This introductory text adopts a strong cross-cultural focus and an eclectic approach to current topics, with social policy sections. This edition features new sections including global perspectives on women, international crime rates and US population policies overseas - plus a new chapter, "Social Inequality Worldwide". Three new supplements include an annotated instructor's edition, a critical thinking guide, and a brief English for non-native speakers guide. Balanced treatment of the three major sociological perspectives functionalism conflict theory, interactionism. Applies theoretical and research material to contemporary polticy issues (unique to this text) making sociology relevant for every student. continuous use f cross-cultural examples; coverage of issues affecting women thoughout text not just in gender stratification. (example - women and politics chapter - chapter 15). A new chapter on cross-cultural issues "Social Inequality Worldwide" (ch. 9) that includes an extended case study on stratification in Brazil, modernization in Kenya and inequality in Japan among other issues. Twenty-two new boxes, including "The Eloquence of Sign-language", "Self Help Groups", "Blaming the Victim", "The Process of Role Exit", and "Motorists as Welfare Recipients". Seven new social policy sections (tied to the text with a set of three or four questions for each) on such topics as sexual harassment, catastrophic health care, family leave, inequalities in school financing, and homelessness. New sections on topics such as the underclass (ch. 8) school choice programs (ch. 16), and the conflict view of urban growth (ch. 18).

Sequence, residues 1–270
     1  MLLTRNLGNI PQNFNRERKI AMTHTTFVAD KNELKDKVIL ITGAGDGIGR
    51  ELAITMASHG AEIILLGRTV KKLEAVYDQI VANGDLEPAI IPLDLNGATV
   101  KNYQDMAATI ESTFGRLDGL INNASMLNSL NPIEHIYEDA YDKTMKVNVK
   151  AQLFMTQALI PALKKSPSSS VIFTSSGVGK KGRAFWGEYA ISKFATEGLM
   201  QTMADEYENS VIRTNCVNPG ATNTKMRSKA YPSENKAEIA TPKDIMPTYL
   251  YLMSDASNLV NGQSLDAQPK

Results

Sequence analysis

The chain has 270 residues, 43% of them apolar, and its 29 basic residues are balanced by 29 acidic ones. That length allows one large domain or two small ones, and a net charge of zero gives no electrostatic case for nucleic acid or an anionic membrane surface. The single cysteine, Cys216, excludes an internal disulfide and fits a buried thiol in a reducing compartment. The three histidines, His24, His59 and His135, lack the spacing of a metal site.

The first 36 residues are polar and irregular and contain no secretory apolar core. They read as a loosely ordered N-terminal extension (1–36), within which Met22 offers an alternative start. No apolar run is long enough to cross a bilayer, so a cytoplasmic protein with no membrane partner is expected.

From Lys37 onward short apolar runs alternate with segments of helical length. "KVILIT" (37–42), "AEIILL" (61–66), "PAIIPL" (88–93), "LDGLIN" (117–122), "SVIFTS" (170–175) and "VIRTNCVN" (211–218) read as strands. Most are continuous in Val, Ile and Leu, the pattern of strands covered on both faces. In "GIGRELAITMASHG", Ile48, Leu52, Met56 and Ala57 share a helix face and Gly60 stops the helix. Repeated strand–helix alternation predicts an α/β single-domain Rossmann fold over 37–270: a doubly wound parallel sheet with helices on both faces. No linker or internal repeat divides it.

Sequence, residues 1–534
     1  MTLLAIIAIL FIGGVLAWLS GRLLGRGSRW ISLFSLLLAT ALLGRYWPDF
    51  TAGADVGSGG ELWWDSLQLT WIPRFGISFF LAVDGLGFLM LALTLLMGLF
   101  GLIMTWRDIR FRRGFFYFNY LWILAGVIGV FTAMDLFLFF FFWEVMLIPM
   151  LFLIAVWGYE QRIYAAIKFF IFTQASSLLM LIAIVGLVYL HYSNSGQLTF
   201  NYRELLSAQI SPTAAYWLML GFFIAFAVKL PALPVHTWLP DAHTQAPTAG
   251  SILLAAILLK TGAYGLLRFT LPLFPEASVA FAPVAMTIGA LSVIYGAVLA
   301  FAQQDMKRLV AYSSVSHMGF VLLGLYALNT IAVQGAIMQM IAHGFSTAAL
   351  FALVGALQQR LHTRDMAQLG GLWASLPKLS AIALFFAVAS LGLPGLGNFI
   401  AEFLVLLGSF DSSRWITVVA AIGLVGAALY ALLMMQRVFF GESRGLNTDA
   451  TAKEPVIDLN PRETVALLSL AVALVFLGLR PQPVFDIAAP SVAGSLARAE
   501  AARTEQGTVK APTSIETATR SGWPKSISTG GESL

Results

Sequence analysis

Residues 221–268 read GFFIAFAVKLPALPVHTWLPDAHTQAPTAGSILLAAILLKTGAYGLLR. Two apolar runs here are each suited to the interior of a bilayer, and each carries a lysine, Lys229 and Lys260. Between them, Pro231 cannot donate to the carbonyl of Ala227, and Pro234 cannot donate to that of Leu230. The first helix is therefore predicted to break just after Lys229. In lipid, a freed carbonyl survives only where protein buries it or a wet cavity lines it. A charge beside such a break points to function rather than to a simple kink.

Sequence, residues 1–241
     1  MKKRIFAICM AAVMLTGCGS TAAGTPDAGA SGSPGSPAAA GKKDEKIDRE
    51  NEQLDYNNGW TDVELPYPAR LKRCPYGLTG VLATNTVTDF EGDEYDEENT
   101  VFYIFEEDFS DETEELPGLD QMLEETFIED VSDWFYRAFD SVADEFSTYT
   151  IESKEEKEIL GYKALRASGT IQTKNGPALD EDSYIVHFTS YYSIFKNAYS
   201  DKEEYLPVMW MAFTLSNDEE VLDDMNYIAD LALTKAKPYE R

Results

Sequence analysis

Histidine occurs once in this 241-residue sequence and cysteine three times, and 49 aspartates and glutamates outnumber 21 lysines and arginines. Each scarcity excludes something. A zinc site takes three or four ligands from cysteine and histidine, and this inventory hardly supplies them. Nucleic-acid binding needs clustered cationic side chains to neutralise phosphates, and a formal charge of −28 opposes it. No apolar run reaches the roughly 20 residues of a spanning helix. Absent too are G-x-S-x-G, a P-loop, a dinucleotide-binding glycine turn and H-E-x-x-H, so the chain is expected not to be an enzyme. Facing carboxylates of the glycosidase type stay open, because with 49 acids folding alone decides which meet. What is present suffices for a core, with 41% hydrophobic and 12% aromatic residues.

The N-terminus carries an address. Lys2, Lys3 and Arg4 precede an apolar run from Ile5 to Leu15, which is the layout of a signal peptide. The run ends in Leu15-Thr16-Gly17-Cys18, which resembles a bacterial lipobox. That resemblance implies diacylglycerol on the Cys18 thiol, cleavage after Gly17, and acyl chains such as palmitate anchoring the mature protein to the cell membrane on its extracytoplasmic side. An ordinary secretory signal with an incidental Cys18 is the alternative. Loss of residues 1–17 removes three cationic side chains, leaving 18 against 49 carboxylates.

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Growing up in Chicago at a time when neighborhoods were going through transitions in ethnic and racial composition, Richard T. Schaefer found himself increasingly intrigued by what was happening, how people were reacting, and how these changes were affecting neighborhoods and people's jobs. His interest in social issues caused him to gravitate to sociology courses at Northwestern University, where he received a B.A. in Sociology. "Originally as an undergraduate I thought I would go on to law school and become a lawyer. But after taking a few sociology courses, I found myself wanting to learn more about what sociologists studied and fascinated by the kinds of questions they raised." This fascination led him to obtain his M.A. and Ph.D. in Sociology from the University of Chicago. Dr. Schaefer's continuing interest in race relations led him to write his masters' thesis on the membership of the Ku Klux Klan and his doctoral thesis on racial prejudice and race relations in Great Britain. Dr. Schaefer went on to become a professor of sociology. He has taught introductory sociology for 30 years to students in colleges, adult education programs, nursing programs, and even a maximum-security prison. Dr. Schaefer's love of teaching is apparent in his interaction with his students. "I find myself constantly learning from the students who are in my classes and from reading what they write. Their insights into the material we read or current events that we discuss often become part of future course material and sometimes even find their way into my writing." Dr. Schaefer is author of the third edition of Sociology: A Brief Introduction (McGraw-Hill, 2000). Dr. Schaefer is also the author of Racial and Ethnic Groups now in its eighth edition, and Race and Ethnicity in the United States, second edition. His articles and book reviews have appeared in many journals, including American Journal of Sociology, Phylon: A Review of Race and Culture, Contemporary Sociology, Sociology and Social Research, Sociological Quarterly, and Teaching Sociology. He served as president of the Midwest Sociological Society in 1994-1995. Dr. Schaefer's advice to students is to "look at the material and make connections to your own life and experiences. Sociology will make you a more attentive observer of how people in groups interact and function. It will also make you more aware of peoples' different needs and interests -- and perhaps more ready to work for the common good, while still recognizing people's individuality."
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